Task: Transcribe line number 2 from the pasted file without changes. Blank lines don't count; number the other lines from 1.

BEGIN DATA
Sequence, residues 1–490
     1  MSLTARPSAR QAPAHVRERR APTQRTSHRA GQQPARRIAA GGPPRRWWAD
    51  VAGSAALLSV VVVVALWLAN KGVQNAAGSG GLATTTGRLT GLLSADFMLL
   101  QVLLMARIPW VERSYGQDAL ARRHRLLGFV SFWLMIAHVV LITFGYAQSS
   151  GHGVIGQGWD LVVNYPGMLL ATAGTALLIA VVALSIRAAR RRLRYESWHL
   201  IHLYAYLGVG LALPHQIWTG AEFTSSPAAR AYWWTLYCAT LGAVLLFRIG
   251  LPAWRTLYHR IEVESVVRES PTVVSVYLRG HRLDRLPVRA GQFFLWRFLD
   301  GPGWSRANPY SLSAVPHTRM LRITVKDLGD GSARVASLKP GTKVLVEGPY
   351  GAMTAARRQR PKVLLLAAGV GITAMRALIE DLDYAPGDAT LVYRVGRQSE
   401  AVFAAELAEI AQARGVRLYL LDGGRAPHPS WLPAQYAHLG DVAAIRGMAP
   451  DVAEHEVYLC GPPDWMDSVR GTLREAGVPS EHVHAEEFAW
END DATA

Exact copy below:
     1  MSLTARPSAR QAPAHVRERR APTQRTSHRA GQQPARRIAA GGPPRRWWAD